“In our study, we were inspired by the semiconductor industry, which makes the ultrapure silicon wafers used for computer chips by growing large single crystals and slicing them into thin disks,” says the lead PI Xiaoyang Zhu, Howard Family Professor of Nanoscience in Columbia’s department of chemistry. “Our approach does this on the atomic scale: we start with a high-purity crystal of a layered material and peel off one layer at a time, achieving high-purity 2D sheets that are the same dimensions as the parent crystal.”
The researchers took their cue from the Nobel prize-winning scotch tape method and developed an ultraflat gold tape instead of the adhesive polymer tape. The atomically flat gold surface adheres strongly and uniformly to the crystalline surface of a 2D material and disassembles it layer by layer. The layers are the same size and dimension as the original crystal – providing a degree of control far beyond what is achievable using scotch tape.
“The gold tape method is sufficiently gentle that the resulting flakes have the same quality as those made by scotch tape technique,” says postdoctoral scholar Fang Liu, the lead author on the paper. “And what is especially exciting is that we can stack these atomically thin wafers in any desired order and orientation to generate a whole new class of artificial materials.”
The work was carried out in the Center for Precision Assembly of Superstratic and Superatomic Solids, a Materials Science and Engineering Research Center funded by the National Science Foundation and led by Hone. The research project used shared facilities operated by the Columbia Nano Initiative.
Motivated by recent exciting advances in “twistronics,” the team is now exploring adding small rotation between layers in these artificial materials. In doing so, they hope to achieve on a macro-scale the remarkable control over quantum properties such as superconductivity that have recently been demonstrated in micrometer-sized flakes.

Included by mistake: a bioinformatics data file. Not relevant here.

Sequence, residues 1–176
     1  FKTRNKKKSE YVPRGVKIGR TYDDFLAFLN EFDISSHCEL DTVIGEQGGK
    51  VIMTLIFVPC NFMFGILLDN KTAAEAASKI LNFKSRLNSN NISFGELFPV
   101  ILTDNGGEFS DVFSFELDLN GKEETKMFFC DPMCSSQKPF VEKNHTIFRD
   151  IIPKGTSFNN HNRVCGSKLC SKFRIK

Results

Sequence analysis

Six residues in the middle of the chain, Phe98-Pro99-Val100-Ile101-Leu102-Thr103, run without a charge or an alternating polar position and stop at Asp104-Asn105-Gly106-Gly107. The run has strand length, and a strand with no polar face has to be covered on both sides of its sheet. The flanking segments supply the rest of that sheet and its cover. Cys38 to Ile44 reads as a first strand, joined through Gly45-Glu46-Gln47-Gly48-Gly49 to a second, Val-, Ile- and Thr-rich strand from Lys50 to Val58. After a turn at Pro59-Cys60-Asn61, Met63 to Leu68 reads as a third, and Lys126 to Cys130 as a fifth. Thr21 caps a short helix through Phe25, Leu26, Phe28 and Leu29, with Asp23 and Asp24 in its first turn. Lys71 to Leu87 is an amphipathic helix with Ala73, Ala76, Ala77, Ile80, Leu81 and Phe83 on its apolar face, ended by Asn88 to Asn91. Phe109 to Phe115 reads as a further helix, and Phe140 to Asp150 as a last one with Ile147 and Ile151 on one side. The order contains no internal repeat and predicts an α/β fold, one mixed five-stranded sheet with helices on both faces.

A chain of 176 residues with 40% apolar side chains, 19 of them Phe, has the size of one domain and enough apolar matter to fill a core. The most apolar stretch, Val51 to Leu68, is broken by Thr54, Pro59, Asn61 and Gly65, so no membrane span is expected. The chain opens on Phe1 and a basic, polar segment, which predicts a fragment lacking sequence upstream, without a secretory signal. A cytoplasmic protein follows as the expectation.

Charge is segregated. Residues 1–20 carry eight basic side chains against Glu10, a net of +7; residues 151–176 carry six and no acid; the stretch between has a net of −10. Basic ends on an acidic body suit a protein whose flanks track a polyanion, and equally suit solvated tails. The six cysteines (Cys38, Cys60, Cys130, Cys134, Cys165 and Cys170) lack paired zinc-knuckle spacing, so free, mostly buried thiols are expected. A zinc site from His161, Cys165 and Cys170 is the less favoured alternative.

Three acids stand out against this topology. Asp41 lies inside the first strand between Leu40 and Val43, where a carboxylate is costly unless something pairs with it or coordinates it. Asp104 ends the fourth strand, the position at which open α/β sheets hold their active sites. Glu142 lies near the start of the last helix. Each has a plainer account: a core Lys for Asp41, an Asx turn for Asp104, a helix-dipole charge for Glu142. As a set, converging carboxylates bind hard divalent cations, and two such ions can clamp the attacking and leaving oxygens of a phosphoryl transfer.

They are also working to broaden their new technique into a general method for all types of layered materials, and looking at potential robotic automation for large scale manufacturing and commercialization.
Source: Columbia University
Finding new semi-conductor materials that emit light is essential for developing a wide range of electronic devices. But making artificial structures that emit light tailored to our specific needs is an even more attractive proposition. However, light emission in a semi-conductor only occurs when certain conditions are met.Read more
Since the successful isolation of graphene from bulk graphite, remarkable properties of graphene have attracted many scientists to the brand-new research field of 2D materials. However, despite excellent carrier mobility of graphene, direct application of graphene to field-effect transistors is severely hindered due to its gapless band structure. Alternatively, semiconducting transition metal dichalcogenides (TMDCs) have been focused intensively over the last decade. However, wide bandgap 2D materials with > 3 eV have been required for UV-related optoelectronic devices, power electronics, and dielectric layers.Read more